On the Water: Tarpon season is in full swing
Wow! What a beautiful Mother’s Day weekend in Southwest Florida. With calm seas, blue skies and low humidity, I hope every got a chance to get on the water and enjoy it.
Tarpon season is in full swing, with many anglers devoting their time to chase the silver king. Tarpon schools were reported off the Sanibel beaches between Knapp’s Point and Fort Myers Beach, and near the Sanibel Causeway, large live Atlantic thread herring and pilchards were the baits of choice for most. Watch for rolling or free-jumping fish, position your boat up wind or up tide, shut down the motor and make a quiet drift through the area with free-lined baits for the best chance of hooking up.
Big sharks were a common nuisance off the beaches – if you have a tarpon hooked up, tighten the drag, apply a lot of pressure to shorten the fight, have a spotter on the look-out when the tarpon is close to the boat, touch the leader and release it as quick as possible. These measures will increase the chances of survival. If a shark gets after the tarpon during the fight, its best to lock the drag, break the line and give the tarpon a fighting chance. Also, pay attention and beware if you are handling a fish at boat side, keep a spotter on the look-out.
Tarpon were also hooked while fishing cut bait on bottom or live bait under a float inside Captiva Pass near the channel, and outside “Ding” Darling, south of the power lines. Sharks, including blacktip, spinners, sand and lemons, were a common nuisance for tarpon anglers in Pine Island Sound. Most of the sharks in the Sound weren’t large enough to go after a tarpon, but rather baits intended for them.
Mornings with light winds and clear water allowed fly angler’s good opportunities for sight fishing tarpon along the sand bars in Charlotte Harbor and off the beaches of Captiva and Cayo Costa.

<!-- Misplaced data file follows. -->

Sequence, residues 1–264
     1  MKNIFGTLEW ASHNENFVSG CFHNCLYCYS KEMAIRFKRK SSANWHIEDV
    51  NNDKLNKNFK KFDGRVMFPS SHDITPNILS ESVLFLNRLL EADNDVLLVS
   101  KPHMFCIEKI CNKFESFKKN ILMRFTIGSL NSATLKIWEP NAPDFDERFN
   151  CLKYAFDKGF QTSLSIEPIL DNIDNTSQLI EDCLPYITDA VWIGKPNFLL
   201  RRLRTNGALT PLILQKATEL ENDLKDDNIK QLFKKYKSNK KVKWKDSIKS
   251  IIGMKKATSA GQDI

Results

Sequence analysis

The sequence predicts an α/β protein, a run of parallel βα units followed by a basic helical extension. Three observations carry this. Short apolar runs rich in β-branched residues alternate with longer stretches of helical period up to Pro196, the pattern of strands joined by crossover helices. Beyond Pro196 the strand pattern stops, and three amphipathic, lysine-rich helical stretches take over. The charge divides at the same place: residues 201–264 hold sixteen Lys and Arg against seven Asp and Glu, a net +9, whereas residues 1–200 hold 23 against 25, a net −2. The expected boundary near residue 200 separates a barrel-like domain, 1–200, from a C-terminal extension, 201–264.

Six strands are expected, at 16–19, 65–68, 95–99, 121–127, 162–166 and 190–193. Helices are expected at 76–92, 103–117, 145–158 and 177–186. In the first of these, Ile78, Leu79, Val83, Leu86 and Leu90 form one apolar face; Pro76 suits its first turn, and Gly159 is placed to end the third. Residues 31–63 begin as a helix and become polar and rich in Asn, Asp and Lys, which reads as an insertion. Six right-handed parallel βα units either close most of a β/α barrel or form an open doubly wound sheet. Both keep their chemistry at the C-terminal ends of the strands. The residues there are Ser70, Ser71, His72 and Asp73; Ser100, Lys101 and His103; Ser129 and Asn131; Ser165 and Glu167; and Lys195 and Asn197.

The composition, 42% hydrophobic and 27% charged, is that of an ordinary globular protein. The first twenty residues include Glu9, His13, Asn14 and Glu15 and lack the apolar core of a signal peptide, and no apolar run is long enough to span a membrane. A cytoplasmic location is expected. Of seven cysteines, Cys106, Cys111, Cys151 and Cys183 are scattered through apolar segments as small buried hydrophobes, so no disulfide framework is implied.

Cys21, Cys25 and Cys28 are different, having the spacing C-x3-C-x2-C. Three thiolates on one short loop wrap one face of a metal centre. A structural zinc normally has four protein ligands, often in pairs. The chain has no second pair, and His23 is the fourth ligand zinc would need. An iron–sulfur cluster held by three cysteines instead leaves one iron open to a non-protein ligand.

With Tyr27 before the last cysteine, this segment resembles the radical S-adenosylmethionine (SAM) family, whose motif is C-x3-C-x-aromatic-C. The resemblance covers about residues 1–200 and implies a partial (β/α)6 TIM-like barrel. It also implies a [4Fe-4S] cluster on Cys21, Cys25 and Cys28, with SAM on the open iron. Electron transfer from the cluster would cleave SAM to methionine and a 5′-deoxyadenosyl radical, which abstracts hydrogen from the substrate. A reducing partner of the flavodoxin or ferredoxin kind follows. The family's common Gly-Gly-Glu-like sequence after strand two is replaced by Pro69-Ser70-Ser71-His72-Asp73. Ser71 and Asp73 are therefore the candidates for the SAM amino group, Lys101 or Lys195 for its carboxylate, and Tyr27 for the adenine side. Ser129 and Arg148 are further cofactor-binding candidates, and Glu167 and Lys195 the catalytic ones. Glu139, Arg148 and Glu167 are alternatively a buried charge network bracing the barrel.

Its “silly season” in Boca Grande Pass where a hundred boats or more chasing tarpon schools is the norm. Look for schools up on the hill in the harbor following an incoming tide and moving back into and west of the pass on the falling tides. Hook-ups were reported on lots of different baits including thread herring, pilchards, pinfish, squirrelfish and small crabs, with crabs probably producing the most hook-ups. Remember, only three lines in the water in Boca Grande Pass during tarpon season, this also applies if you are not tarpon fishing.
Mangrove snapper to 16 inches and lots of small grouper were caught bottom fishing while drifting the pass in depths averaging 34 to 40 feet.
With tarpon the main target for many, it’s a good time for hunting redfish without much competition. Low morning tides and afternoon highs held good opportunities for redfish, sight fishing on the lows and fishing under the bushes on the highs. The keys on the far east side of Pine Island Sound held fairly clear water and was a good choice for targeting fish on the low water. On the upper stage of the incoming tide, cut pinfish, either on a -ounce jig head or a circle hook connected with reds up to 29 inches. The key was looking for mangrove shorelines with mullet activity and casting the bait up under the shadow of the trees. Also, catch-and-release snook fishing is a good option. Fish to 36 inches were released along the Sanibel beach south of Blind Pass, inside Captiva Pas, and good action with smaller fish was reported in Charlotte Harbor near Burnt Store Marina.
Offshore, schools of Spanish mackerel were found around bait schools and over structure several miles off the beaches. Watch for birds and fish rocketing from the water. Most were caught on live bait and spoons, either trolling or making long cast. A few king mackerel were also reported. Further out in depths from 70 to 100 feet, red grouper up to 12 pounds were caught over reefs and coral bottom, along with catch-and-release gag grouper. Mangrove and lane snapper, plus grunts and porgies, were also mixed over the same bottom. Permit were also caught over structure, with small live crabs the best bait.
In my opinion blacktop sharks are one of our most underrated fish. These guys fight with all the tenacity of a tarpon, can put on a great aerial show, are lightning fast and just will not give up. Right now, there are plenty of big ones roaming our waters, if you want to tangle with something that pound for pound will give a tarpon a run for its money, then this is your fish.
If you have a fishing report or for charter information, please contact us at 239-283-7960 on the web at www.fishpineisland.com or email firstname.lastname@example.org
Have a safe week and good fishin’.